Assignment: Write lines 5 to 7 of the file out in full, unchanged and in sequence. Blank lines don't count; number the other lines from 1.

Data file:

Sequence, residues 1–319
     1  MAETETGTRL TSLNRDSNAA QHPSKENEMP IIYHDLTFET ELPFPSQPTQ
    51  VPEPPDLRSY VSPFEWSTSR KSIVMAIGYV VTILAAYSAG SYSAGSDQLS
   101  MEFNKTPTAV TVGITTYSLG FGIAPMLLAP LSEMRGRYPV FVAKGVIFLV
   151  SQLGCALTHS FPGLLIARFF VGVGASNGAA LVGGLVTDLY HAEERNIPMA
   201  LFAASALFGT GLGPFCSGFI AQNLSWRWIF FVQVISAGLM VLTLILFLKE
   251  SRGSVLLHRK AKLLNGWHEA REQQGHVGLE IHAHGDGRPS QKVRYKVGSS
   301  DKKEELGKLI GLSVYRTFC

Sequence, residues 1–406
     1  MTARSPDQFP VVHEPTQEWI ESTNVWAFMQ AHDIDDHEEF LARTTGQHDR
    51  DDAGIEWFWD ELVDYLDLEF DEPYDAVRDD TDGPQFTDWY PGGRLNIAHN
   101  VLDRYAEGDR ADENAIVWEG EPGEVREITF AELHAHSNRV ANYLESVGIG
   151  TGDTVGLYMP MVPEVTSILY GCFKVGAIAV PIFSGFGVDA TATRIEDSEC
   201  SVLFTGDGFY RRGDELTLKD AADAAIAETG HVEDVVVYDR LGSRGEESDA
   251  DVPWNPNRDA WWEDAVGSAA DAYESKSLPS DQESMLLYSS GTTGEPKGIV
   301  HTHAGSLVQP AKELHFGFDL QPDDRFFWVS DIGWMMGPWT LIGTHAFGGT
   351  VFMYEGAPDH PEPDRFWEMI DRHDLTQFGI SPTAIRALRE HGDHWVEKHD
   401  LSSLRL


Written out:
   151  SQLGCALTHS FPGLLIARFF VGVGASNGAA LVGGLVTDLY HAEERNIPMA
   201  LFAASALFGT GLGPFCSGFI AQNLSWRWIF FVQVISAGLM VLTLILFLKE
   251  SRGSVLLHRK AKLLNGWHEA REQQGHVGLE IHAHGDGRPS QKVRYKVGSS